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Why recognise banned books? 

16/09/2015 

Libraries all over the world will be celebrating the freedom to read during Banned Books Week at the end of September. 

book hanging in the airThe event runs from 27 September through to 3 October and focuses on young adult novels.  

 “Young Adult books are challenged more frequently than any other type of book,” USA Banned Books Week National Committee chair, Judith Platt, says.

 “These are the books that speak most immediately to young people, dealing with many of the difficult issues that arise in their own lives, or in the lives of their friends.

"These are the books that give young readers the ability to safely explore the sometimes scary real world. This Banned Books Week is a call to action, to remind everyone that young people need to be allowed the freedom to read widely, to read books that are relevant for them, and to be able to make their own reading choices.”

Into the River

book cover of into the riverTed Dawe's young adult book Into the river has made headlines recently after it was removed from shelves following complaints over the content.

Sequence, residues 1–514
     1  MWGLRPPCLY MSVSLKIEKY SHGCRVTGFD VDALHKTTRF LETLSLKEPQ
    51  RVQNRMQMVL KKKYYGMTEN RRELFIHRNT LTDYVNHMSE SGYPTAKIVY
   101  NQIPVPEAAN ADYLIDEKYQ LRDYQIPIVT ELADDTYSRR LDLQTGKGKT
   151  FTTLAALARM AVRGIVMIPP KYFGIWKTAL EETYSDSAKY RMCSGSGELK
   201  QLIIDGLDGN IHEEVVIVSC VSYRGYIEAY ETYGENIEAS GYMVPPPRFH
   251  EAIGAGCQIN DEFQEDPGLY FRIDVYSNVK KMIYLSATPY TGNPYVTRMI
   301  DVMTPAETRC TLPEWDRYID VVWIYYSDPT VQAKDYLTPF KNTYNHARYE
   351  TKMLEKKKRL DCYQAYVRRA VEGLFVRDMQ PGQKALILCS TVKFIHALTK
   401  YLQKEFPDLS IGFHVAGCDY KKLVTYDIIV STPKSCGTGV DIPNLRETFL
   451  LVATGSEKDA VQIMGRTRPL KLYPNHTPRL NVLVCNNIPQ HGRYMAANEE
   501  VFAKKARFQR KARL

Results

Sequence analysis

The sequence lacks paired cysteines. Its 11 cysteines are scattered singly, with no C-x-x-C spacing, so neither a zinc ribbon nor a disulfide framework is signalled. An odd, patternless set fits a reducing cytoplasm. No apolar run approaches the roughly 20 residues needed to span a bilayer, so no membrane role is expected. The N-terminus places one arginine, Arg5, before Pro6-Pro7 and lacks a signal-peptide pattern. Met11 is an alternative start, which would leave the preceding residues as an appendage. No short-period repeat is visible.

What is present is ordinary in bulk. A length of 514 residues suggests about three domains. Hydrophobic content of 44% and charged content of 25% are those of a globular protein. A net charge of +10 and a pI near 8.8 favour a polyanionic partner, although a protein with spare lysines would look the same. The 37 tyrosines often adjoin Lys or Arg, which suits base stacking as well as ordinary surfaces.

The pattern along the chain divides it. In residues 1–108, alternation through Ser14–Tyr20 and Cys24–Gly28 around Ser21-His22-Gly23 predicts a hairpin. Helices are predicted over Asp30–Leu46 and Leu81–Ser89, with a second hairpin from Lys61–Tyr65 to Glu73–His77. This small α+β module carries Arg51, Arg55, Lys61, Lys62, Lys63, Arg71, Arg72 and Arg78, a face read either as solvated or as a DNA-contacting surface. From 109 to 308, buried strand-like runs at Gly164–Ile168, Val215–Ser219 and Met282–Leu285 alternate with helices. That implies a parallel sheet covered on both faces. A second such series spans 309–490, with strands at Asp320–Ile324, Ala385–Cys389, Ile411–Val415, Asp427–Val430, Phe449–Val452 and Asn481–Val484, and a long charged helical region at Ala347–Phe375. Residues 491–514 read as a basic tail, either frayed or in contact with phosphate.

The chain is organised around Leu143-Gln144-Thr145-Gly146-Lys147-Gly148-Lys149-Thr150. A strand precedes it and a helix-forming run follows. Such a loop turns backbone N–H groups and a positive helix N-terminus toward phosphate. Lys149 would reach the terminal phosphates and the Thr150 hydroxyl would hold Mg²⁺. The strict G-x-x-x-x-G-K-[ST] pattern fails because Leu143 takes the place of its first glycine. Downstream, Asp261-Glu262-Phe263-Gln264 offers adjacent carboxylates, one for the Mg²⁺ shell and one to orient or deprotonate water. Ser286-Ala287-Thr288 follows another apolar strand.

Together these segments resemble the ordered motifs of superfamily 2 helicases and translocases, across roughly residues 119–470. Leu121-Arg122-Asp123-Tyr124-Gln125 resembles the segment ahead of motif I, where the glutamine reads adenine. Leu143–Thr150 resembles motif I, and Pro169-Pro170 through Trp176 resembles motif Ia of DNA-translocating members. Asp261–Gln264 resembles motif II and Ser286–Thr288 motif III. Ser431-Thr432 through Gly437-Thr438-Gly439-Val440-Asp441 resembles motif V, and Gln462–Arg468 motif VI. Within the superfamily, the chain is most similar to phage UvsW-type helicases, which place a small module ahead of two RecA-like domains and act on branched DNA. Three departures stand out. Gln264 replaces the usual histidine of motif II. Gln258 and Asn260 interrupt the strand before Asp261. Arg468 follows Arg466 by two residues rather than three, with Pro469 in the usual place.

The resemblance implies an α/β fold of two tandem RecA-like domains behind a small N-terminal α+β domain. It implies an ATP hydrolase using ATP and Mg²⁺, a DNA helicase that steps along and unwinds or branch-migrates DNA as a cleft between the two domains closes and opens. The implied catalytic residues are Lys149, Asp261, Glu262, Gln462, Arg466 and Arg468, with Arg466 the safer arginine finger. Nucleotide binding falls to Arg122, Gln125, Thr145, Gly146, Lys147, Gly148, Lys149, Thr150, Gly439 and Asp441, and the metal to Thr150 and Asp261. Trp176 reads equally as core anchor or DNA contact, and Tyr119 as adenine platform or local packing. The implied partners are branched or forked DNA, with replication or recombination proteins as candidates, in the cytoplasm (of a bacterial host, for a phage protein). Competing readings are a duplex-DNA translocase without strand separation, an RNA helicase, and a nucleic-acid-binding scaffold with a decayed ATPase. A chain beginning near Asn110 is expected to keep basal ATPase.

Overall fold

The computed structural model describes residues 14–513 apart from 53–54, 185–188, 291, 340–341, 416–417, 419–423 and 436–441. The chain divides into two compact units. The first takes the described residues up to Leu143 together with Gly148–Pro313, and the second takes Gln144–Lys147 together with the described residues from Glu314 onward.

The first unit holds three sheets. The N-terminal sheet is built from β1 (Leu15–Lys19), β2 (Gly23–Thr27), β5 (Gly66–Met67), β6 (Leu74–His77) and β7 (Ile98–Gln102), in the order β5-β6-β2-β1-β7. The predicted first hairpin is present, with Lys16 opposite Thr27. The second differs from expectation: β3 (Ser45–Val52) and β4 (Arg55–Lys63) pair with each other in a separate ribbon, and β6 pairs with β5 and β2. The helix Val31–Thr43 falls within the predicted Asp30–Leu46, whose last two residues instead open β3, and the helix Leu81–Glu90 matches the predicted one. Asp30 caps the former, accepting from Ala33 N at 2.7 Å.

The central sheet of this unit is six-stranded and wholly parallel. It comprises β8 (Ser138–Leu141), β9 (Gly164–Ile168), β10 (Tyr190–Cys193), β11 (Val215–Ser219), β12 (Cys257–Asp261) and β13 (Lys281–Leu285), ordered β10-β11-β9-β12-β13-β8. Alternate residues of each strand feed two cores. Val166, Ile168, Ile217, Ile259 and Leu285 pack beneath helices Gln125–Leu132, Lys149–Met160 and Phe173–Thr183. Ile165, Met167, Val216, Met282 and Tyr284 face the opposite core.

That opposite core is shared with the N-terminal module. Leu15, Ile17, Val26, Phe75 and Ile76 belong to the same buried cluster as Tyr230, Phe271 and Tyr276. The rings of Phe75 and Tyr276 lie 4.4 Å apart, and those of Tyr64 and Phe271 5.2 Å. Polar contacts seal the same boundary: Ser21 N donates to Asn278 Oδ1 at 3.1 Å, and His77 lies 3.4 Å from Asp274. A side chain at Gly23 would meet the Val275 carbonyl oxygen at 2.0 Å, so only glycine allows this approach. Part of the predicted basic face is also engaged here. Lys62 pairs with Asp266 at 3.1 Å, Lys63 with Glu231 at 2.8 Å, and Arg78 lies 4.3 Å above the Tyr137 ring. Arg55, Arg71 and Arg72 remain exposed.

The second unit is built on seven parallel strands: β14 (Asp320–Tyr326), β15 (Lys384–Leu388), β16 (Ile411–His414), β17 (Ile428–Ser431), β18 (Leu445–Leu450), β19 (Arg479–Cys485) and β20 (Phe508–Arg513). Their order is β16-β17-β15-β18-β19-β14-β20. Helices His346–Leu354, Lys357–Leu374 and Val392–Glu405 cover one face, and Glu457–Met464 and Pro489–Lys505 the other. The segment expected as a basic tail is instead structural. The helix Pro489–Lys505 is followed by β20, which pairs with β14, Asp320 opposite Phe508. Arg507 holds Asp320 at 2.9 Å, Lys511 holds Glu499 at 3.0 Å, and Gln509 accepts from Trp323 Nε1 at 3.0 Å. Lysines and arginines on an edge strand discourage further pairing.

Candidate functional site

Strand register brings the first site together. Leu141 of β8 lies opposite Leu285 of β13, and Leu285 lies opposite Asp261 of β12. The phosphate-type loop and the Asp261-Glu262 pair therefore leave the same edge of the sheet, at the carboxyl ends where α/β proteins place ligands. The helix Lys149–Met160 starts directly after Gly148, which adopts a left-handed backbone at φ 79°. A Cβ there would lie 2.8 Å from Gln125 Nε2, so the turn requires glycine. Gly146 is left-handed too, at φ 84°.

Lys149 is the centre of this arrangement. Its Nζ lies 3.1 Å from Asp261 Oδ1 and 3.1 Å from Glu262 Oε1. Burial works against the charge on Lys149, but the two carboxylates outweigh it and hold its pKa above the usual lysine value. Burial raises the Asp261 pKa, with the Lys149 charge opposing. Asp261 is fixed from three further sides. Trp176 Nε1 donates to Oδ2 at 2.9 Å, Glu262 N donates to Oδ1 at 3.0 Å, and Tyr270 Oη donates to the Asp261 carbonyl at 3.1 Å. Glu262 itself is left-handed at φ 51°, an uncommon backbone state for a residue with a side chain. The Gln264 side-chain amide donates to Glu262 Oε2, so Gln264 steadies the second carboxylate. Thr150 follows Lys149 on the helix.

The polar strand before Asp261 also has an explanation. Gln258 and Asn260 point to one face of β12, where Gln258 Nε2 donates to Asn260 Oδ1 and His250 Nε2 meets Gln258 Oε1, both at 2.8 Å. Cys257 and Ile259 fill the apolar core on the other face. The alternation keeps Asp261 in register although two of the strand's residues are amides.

Auckland Libraries initially submitted a successful appeal to the first R14 restriction imposed on the book when they realised that removing it from open shelves had prevented even eligible readers from checking it out.

However, a later appeal has seen an interim restriction order placed on the book until a board of review makes a new decision.

Auckland Libraries cannot lend, distribute or display their 53 copies of the book despite believing it should be unrestricted.

The current debate about Dawe’s book  illustrates the complexity of the New Zealand censorship landscape. The Chief Censor is part of the Office of Film and Literature Classification (OFLC) within the Department of Internal Affairs.

The Film and Literature Classification Board of Review also sits in the department, but acts completely independently.

This case study on the OFLC website describes how Into the river has been dealt with by the two bodies, including submissions and the subsequent appeals.

READ MORE: Into the River and Banned Books: a conversation with the Office of Film and Literature Classification

Learn more about books that were challenged in 2014

Check out a list of some of the most famous banned books

© Auckland Council